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How Olive Oil Is Made (An Inside Look)

  2. Information produced by A SUPPLIER OF BULK OLIVE OIL & EDIBLE OIL INGREDIENTS 800.689.7510 8629 S 208th St, Bldg O Kent, WA 98031
  3. Olive oil is the liquid that comes from olives. Put simply,
  4. Olives are a type of fruit, that are grown on trees.
  5. That makes olive oil, technically, just fruit juice. © Kevin Carlin, The Noun Project
  6. in mild or temperate climates. Olives trees grow in groves,  
  7. The majority of these groves are located in the Mediterranean.
  8. Especially, © James Christopher, The Noun Project Spain italy &   © Ted Grajeda, The Noun Project
  9. But good olive oil is made all over the world, in places like Argentina, Australia & the US. © Andrew Forrester The Noun Project
  10. The harvest happens in the wintertime. Whenever that happens to be in that hemisphere. © Lil Squid The Noun Project
  11. Olives grow plump over the season. Then they are harvested.
  12. Some olives are hand picked, while others are machine harvested.
  13. But the debate is still out about which harvesting method produces better olive oil. © Paulina Szatanik The Noun Project
  14. There are many different types of olive oil known as varietals. © Jane Wiley The Noun Project
  15. Each olive varietal has a slightly different taste.
  16. Most olive oils are made from a blend of different olive varietals.
  17. Some olive oils are produced from just one type of olive. Those oils are known as monovarietals. ❶  
  18. Olives are picked from the groves and immediately brought to the manufacturing mill.
  19. At some farms, the mill is right on site. © Ana Maria Lora Macias The Noun Project
  20. Other mills function as a co-op, with many farmers bringing their olives to one shared mill. © Nicolas Ramallo The Noun Project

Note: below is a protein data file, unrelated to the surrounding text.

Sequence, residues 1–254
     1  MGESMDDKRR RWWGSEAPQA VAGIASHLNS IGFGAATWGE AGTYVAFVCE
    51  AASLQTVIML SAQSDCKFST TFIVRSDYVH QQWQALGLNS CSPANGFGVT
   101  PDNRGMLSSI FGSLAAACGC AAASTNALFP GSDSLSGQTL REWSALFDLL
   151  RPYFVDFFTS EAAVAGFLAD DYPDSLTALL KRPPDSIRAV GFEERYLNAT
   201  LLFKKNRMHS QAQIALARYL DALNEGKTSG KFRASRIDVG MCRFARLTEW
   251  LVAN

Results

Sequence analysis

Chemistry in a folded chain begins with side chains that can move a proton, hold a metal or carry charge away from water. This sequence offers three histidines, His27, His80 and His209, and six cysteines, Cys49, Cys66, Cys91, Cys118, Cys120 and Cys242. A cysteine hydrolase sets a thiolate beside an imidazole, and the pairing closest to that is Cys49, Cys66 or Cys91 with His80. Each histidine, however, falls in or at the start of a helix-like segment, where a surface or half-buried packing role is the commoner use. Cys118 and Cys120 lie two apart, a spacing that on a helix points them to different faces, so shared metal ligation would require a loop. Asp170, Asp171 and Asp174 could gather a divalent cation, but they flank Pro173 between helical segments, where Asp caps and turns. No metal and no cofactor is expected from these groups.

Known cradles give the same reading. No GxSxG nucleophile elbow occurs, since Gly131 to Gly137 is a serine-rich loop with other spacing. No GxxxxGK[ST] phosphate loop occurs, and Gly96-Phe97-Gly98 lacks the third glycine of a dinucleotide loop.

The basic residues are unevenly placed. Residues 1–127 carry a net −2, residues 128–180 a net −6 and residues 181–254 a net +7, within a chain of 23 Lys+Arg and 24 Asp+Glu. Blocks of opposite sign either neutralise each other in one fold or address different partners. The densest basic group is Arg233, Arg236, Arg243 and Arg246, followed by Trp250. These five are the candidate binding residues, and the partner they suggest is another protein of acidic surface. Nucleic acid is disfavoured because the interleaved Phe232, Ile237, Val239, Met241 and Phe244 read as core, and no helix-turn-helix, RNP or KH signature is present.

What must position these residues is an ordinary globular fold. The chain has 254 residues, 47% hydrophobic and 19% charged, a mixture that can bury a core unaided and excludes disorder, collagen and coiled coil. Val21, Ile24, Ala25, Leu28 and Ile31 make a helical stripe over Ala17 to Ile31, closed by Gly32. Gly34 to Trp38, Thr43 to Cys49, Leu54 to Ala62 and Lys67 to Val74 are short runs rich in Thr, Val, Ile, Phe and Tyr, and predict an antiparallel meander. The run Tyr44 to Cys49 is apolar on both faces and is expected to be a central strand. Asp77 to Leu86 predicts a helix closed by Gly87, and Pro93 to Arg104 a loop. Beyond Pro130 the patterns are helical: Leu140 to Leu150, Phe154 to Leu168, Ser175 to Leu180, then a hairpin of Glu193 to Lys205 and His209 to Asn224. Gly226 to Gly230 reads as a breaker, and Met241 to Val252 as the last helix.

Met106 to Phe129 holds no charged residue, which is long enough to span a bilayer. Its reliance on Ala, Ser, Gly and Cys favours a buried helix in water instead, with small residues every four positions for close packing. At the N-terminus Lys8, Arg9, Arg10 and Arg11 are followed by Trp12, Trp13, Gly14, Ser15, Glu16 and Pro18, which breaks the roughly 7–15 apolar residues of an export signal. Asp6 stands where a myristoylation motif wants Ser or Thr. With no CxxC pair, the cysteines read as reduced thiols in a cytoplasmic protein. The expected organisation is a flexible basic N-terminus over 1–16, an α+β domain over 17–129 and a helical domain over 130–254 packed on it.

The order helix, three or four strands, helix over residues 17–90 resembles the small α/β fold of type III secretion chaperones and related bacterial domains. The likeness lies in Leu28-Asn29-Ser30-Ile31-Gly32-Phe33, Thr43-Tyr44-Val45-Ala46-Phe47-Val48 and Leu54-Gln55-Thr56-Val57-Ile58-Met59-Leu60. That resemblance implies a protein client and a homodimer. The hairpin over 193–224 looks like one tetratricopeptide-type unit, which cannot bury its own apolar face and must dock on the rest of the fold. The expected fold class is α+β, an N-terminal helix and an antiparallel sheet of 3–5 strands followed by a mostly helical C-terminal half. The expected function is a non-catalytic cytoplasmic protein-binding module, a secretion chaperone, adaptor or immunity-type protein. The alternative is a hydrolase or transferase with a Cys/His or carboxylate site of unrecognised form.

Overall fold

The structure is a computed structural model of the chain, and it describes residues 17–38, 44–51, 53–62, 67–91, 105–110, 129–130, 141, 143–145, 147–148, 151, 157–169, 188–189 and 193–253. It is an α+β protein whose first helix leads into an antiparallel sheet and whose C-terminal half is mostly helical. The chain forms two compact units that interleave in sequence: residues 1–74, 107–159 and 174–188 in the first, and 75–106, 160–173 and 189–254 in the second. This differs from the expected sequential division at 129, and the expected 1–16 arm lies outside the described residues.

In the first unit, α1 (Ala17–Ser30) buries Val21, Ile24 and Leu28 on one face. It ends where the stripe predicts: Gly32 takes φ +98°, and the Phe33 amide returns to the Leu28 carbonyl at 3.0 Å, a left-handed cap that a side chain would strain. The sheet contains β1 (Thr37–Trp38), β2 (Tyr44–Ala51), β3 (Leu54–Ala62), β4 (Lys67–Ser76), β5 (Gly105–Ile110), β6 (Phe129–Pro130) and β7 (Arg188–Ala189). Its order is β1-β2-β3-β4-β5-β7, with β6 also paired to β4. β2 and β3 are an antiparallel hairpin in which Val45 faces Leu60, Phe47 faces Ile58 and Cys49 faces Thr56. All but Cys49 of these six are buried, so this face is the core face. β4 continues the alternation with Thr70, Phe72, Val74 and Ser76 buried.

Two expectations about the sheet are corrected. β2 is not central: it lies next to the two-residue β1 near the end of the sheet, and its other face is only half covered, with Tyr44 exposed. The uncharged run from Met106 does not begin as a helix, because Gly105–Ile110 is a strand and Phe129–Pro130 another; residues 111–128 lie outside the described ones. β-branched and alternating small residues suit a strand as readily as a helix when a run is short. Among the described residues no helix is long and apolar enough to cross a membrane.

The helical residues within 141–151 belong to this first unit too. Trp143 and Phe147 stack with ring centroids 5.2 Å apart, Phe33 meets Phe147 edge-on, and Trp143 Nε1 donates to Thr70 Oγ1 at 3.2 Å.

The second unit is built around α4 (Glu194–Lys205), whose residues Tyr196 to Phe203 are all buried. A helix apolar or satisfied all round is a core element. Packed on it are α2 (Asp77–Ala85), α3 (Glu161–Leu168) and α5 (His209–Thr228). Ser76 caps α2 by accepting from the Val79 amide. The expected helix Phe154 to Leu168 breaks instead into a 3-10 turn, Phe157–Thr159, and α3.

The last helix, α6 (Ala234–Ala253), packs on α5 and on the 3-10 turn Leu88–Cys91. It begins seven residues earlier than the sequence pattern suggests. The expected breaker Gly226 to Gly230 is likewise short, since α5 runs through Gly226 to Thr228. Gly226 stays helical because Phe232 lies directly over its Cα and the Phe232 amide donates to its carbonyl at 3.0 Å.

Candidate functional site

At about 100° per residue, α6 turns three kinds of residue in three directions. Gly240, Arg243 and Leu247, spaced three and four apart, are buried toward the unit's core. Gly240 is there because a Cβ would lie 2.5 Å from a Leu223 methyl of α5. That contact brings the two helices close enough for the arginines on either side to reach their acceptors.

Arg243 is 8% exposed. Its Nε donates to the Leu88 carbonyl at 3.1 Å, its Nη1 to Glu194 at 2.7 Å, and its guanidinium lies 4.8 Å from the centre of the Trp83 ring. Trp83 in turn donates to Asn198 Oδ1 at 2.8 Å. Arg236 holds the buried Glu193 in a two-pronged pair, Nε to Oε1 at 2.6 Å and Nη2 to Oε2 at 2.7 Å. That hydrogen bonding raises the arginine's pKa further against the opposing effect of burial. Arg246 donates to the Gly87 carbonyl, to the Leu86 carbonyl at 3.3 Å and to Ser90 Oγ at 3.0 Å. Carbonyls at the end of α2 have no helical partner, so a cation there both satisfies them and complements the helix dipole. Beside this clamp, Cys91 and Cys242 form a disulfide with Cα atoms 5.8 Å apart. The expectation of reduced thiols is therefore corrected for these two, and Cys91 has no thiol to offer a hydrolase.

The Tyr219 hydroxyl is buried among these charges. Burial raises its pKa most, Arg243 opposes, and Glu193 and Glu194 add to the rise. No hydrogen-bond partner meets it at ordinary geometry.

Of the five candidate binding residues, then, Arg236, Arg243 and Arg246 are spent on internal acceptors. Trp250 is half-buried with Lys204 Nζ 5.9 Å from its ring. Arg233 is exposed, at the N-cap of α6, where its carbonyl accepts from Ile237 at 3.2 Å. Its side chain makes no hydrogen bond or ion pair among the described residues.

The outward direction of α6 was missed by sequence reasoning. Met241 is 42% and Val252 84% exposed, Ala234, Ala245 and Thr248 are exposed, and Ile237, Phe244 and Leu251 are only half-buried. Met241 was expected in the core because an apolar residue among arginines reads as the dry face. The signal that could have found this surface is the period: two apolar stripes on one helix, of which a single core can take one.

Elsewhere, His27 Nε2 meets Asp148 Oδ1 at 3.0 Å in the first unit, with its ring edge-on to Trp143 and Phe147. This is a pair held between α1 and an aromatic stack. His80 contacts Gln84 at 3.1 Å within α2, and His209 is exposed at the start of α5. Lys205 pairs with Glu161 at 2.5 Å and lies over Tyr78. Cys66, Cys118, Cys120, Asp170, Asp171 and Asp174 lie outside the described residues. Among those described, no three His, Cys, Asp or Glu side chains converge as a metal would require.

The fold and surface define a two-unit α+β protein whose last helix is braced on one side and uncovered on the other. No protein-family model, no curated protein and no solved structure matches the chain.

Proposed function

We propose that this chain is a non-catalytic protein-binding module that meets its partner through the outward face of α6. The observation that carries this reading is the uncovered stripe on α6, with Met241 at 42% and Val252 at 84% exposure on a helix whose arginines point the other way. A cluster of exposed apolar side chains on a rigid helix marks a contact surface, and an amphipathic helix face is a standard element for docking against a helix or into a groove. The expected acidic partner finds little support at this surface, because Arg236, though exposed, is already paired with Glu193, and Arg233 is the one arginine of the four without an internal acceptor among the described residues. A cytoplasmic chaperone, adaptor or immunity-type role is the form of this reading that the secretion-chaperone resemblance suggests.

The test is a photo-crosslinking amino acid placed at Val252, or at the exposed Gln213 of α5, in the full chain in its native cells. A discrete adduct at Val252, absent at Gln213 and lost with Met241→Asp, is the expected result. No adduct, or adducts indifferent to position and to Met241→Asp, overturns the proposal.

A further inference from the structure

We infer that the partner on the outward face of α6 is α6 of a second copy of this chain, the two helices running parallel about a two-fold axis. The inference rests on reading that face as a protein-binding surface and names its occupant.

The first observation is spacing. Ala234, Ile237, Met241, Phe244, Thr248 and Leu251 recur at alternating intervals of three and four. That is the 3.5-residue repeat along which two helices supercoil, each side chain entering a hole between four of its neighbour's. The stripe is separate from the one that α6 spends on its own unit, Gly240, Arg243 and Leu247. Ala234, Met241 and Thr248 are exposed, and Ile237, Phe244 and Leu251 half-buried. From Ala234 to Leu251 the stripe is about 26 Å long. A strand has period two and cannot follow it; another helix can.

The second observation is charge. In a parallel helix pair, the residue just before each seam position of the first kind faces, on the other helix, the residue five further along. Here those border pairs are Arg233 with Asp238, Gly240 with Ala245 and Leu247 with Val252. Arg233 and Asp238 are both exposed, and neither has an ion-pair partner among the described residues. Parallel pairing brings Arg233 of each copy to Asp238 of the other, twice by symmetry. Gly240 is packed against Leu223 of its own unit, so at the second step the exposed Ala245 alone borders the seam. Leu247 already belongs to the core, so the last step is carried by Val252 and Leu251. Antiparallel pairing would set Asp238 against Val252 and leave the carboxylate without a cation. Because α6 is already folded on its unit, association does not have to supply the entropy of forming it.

21. At the mill, the olives are washed in cold water. .
  22. Then the olives are crushed into a paste .
  23. In old world traditions, big stones crushed the olives. © Grufus The Noun Project
  24. Now, crushing is usually done with Steel blades. .
  25. In old world traditions, the paste was loaded on to mats and squeezed.
  26. In modern times, the oil is spun in a centrifuge. Image by © Arturo Yee, Flickr
  27. This is what a centrifuge looks like inside. Image ©
  28. It works like the spin cycle of a washing machine, separating the oil from the olive solids. © Megan Sheehan The Noun Project
  29. The oil that comes out of this initial production run is known as the “first press”.
  30. But technically, it should be called the “first spin ”.
  31. If the oil is produced without using heat, it’s known as the “first, cold press”. Thistermactuallycomesfrom anantiquatedmethodthatusedhot watertogetmoreoilfromthepaste duringsecondarypressingcycles.
  32. Sometimes the oil is filtered to make it crystal clear.
  33. And sometimes it’s not, which is called unfiltered oil. ©Alberto Galindo The Noun Project
  34. This initial oil that comes out is the purest olive oil, and it is called Extra Virgin Olive Oil.
  35. It is the highest quality of olive oil, and is coveted around the world.
  36. But, to be called Extra Virgin it has to meet a few quality requirements. © Aaron Dodson The Noun Project
  37. It has to have an Acidity level below 0.8 © Márcio Duarte The Noun Project
  38. And it has to meet about 20+ other chemical requirements. © Rafael Farias Leao The Noun Project
  39. But that’s not all. It also has to taste good.
  40. A trained taste tester makes sure that it is Extra Virgin Olive Oil & that the oil doesn’t have any faults. Image © Maretta Stiles, Flikr  
  41. If he doesn’t think it’s up to par, or the acidity is above 0.8, it’s called Virgin Olive Oil.
  42. The reason some olive oil turns out to be Virgin instead of Extra Virgin often has to do with the weather and other natural factors... © Maurizio Fusillo The Noun Project